2 medium onions, preferably not Vidalia or other very sweet varieties, cut into pea-size dice
2 cloves garlic, chopped fine
1-inch-square chunk of ginger, peeled, chopped fine
1 jalapeÃ±o, or a more intense pepper if you're macho, chopped fine
1 teaspoon whole cumin seeds
1/2 teaspoon coriander powder
2 teaspoon cumin powder
1/2 teaspoon red chile powder, or to taste
2 cups shelled peas, about 8 ounces by weight
1 small carrot, cut in pea-size dice
Salt, to taste
Water, or chicken stock if you're awesome
Heat the oil in a heavy saucepan over medium heat until it flows like water, and add the onions. Stir to coat in the oil, get it to a healthy-sounding sizzle, and turn the heat to medium-low or low. I'm going to tell you now, this is not going to be your favorite part of cooking this dish, because you're going to have to stir the onions literally every other minute, if not more, until they get an even, dark, rusty brown. You have to keep stirring because if any of the onions brown too quickly, they'll burn by the time the rest get that dark color. This will take over 20 minutes. But you can start chopping and measuring the other stuff while you wait. Just don't forget the onions!
When they're a beautiful rich brown, push the onions off to one side of the pan. Turn the heat back up to medium and add the ginger and garlic, stirring to coat them in oil. They'll get fragrant quickly; when they smell incredible, add the jalapeno or chili pepper and stir until you smell it, too.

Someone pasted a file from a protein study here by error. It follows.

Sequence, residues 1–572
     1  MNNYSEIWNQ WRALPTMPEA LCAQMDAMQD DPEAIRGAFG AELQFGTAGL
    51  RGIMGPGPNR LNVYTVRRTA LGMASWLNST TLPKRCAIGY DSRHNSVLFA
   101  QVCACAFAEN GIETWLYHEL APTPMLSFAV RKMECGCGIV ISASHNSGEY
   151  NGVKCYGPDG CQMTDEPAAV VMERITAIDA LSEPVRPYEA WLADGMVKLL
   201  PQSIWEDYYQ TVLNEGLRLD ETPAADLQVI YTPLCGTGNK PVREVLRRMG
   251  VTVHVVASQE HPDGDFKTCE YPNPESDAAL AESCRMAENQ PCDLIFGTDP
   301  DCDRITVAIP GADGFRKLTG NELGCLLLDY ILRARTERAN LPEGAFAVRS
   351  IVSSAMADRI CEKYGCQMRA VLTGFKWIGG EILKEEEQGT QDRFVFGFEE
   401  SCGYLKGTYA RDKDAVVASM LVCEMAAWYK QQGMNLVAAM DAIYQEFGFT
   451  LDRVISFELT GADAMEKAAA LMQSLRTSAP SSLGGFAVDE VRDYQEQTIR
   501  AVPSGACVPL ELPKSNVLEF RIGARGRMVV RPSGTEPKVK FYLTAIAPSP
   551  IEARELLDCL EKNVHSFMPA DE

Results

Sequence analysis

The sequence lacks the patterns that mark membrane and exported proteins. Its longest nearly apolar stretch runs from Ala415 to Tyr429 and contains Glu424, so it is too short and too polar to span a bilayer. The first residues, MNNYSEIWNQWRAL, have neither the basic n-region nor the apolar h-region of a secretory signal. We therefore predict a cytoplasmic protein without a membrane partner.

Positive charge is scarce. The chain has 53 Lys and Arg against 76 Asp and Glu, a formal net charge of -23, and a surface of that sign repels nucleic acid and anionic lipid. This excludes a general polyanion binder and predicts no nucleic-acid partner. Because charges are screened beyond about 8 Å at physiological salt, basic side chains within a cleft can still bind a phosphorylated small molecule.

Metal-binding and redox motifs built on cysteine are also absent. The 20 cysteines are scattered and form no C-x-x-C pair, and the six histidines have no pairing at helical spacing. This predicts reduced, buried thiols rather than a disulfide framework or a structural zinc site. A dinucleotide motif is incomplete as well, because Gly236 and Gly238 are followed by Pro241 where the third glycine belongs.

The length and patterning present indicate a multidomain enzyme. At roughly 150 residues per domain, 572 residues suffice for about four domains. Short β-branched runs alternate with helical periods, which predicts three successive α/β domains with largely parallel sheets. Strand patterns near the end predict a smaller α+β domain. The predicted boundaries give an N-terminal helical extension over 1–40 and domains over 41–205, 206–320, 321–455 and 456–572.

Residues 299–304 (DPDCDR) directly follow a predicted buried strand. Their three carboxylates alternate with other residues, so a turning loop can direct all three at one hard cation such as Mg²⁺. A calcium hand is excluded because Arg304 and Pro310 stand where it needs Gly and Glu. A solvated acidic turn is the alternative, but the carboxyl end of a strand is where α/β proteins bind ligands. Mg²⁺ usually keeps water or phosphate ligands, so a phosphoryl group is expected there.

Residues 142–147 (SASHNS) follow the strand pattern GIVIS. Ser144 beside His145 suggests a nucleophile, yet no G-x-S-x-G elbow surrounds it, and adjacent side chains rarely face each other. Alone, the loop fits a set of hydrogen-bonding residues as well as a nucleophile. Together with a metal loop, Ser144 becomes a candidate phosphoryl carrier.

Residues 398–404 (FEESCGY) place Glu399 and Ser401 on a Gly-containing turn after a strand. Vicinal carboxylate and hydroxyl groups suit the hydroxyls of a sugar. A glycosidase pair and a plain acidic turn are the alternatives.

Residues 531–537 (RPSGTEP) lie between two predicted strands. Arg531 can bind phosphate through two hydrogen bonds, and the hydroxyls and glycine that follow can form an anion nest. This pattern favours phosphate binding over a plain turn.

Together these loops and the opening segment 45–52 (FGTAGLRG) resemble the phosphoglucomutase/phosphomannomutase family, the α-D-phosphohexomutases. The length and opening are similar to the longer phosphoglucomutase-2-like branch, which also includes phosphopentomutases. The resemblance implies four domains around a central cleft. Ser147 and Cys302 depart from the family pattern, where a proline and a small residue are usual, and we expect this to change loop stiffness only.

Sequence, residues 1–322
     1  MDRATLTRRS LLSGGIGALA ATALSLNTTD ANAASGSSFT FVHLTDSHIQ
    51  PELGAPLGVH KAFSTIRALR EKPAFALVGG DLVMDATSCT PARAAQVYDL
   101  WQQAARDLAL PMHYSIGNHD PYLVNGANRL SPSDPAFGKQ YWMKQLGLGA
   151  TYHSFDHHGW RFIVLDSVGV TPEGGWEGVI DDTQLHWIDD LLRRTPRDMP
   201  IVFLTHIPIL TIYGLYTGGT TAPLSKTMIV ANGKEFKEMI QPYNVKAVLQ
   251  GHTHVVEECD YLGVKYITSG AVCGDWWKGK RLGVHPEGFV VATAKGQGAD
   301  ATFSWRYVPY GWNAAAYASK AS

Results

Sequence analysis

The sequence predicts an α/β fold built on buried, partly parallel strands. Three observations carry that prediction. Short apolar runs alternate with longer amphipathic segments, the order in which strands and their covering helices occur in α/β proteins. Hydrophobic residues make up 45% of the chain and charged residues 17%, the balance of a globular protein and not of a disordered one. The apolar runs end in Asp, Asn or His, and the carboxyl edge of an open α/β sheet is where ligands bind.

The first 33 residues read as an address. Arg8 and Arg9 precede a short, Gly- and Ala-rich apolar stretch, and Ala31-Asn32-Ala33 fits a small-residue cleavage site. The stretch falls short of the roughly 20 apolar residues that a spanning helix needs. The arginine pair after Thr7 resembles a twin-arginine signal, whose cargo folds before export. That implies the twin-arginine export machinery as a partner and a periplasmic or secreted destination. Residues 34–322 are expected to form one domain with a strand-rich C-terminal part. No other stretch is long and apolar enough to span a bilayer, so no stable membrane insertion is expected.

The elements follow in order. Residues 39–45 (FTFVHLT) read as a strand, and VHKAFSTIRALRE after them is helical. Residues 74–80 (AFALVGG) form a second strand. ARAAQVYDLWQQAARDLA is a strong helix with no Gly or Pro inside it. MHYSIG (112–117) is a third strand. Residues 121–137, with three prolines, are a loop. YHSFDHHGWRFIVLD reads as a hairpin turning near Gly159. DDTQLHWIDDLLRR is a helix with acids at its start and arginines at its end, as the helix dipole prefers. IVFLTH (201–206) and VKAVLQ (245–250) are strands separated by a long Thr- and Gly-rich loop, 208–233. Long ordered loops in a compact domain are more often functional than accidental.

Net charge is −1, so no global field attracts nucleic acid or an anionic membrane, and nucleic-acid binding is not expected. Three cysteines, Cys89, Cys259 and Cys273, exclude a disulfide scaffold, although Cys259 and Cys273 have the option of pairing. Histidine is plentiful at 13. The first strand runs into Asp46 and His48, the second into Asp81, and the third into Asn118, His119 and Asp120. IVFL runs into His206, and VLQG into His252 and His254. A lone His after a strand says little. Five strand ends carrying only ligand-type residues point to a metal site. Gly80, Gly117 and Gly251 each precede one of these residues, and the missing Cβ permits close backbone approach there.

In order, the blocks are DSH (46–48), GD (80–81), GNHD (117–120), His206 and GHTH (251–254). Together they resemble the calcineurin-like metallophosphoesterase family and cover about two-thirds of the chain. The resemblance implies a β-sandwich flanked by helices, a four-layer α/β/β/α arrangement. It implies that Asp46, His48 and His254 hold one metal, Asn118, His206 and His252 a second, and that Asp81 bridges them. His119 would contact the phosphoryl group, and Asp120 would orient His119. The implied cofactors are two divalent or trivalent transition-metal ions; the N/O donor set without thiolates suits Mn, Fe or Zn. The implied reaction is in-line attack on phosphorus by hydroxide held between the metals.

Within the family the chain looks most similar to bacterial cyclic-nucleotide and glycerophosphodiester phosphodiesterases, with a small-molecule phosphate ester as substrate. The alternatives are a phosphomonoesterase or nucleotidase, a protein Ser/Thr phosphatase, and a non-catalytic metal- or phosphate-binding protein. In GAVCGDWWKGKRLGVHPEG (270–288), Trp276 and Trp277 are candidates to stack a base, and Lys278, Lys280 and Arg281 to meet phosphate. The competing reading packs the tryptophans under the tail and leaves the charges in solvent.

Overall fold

Now add the whole cumin seeds, toasting them until you smell them, then add the rest of the spice powders. Toast them in the oil for a moment, and then stir everything together. Keep stirring, which will help toast and bring out the spices; you'll feel the spices kind of "grip" the onions, turning the whole mess into a clump.
When the spices have clumped up and darkened a shade, add 1 cup water and bring to a simmer. Give this gravy a taste -- the flavors will be great, but probably overly sweet. Season with salt, bringing it back into the savory spectrum, and simmer the gravy so the flavors come together for a few minutes.
Add the peas and more water (or stock) to just barely cover. Bring to a boil, turn down to a simmer and cover, leaving a slight crack for steam to escape.
Give them a stir, taste and adjust with salt after about 5 minutes. Add carrots. Cover and continue simmering.
When I make this dish with tender peas, after about 10-12 minutes simmering they'll get exactly how I want them: starting to wrinkle, an ugly army green color, but with a smooth, creamy center that's deeply savory, absorbing all the gingery, spicy flavors. If your peas are a bit starchier, it can take quite a while longer to get to that stage. Just keep cooking, adding more water if necessary. But eventually, they'll get there, and your friends will be like, "What's that flavor, son? Butter?" And you'll say, "No, it's pea."
Francis Lam is Features Editor at Gilt Taste, provides color commentary for the Cooking Channel show Food(ography), and tweets at @francis_lam.